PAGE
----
I loved Eat, Pray, Love.....it is incredible book that changed my perspective on a lot of things so of course I had to get this as soon as it was available. But I found this boring at times and I couldn't help but notice that she over used the word "more-over" which drove me nutty! That being said, I still love her narration...one of the best I've heard to date and I found certain stories/facts interesting and helpful. If you loved Eat, Pray, Love you should give this a chance and decide for yourself.
I loved "Eat, Pray, Love" so of course I had to know what happened after that story. My own story is nothing like Ms. Gilbert's. I have been married happily for 25+ years, but I learned much about the institution I did not know before in this book. As she discovers what marriage is and is not, she shares her insight with the rest of us. For me, it was both surprising and fascinating.
I really enjoyed her writing in Eat, Pray, Love - and I enjoy her way of telling a story so I was looking forward to this. Little did I know that I would be faced with the prospect of getting married for the first time, in my 40s, just as I was starting this book.
I am almost as ambivalent as Elizabeth was and this book calmed me down with facts as well as great narrative. I loved the stories about how women in other cultures view their husbands.
I'm sure I'll have to listen to this again for some reassurance that it CAN work. I know she said she really wrote the book for just a handful of the women in her life, but secretly, she wrote it for me too.
I LOVED this book. She has such a way with words, and to hear the actual author read her own book and her own story, made it extra special. I loved the history she includes about marriage, and the discussion of marriage in other cultures. I would highly recommend this book.
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This book initially caught my ear because I found Elizabeth's voice in the audio sample really soothing and wanted to hear more. The book is about the struggles of a modern woman's ideas of matrimony, and philosophical questions of what does a marriage and a good husband make. Yes, it's a very personal book, but since I recently got married myself, it spoke to me on a lot of levels. I've gone through the same musings and thoughts myself and given that the entire wedding industry is built around how magical and happy everything is supposed to be, it was good to hear that I'm not alone in being skeptical and afraid about entering marriage (despite my husband being anything a girl could ever wish for).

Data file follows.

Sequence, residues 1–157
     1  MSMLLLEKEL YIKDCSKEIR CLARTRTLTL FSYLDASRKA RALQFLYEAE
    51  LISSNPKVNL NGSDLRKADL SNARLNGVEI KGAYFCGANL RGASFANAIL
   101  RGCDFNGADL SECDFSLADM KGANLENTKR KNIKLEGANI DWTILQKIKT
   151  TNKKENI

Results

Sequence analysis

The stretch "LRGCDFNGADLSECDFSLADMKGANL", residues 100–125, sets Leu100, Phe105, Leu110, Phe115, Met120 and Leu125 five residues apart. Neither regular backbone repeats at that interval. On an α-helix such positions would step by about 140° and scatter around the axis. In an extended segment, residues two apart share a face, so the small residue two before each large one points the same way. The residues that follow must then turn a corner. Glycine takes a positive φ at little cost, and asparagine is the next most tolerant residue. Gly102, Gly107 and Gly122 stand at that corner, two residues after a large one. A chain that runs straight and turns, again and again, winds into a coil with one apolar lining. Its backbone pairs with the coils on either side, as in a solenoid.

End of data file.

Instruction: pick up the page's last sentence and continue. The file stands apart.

I wasn't the biggest fan of Eat, Pray, Love - and whether or not that was the case for you - please do not let that stop you from picking up this book if you are thinking about marriage or are already married. This was a wonderful listen, with just the right amount of history and research about the Institution (marriage that is) and personal anecdotes sprinkled throughout. Fascinating was Gilbert's discovery of a book called Subversion (chapter 7), a rather interesting text that claims marriage is actually revolution on a micro level - that while the ruling class has been trying to control the individual, they have never been able to control the almost universal impulse to cohabitate in pairs and get married. What goes on in the marital bed, the secret pillow talks, the shared intimacy, the privacy of a relationship - all of these are threats to those that want to control. This decision to choose one person, above all others, to share your life with is a personal revolution that will on some level, said or unsaid, upset family, friends, and anyone else with an agenda against you. This CONCEPT is revolutionary, and really appealed to the rebel within. And perhaps, for someone like me who never much liked the Institution in the first place, is just the kind of thing I needed to hear.
That being said, there's plenty said in the book against marriage - particularly for women. Less happiness, lower life expectancy, and if you happened to live in the 19th century a nifty legal concept called Coverture - whereupon marriage, a woman's legal rights ceased to exist. When you consider today's typical prenuptial agreement, especially in the case of the disadvantaged party (which often is the woman), not much has changed. Its maddening.
Another interesting tidbit, especially in light of the Pope's recent comments - Christianity has only very recently been a proponent of marriage - and only once the powers that be realized they could not stop people from cohabitating and marrying did this come to be. Originally celibacy & non marriage were heavily encouraged. If you can't beat em, join em, I guess.
I was disappointed in this book because it did not have the appeal or the flow of Eat, Pray, Love.
I did not find the details of what commitment is, and what love means to her presented in a way that held my attention. I think it would have benefitted from a good editor with a sharp red pen.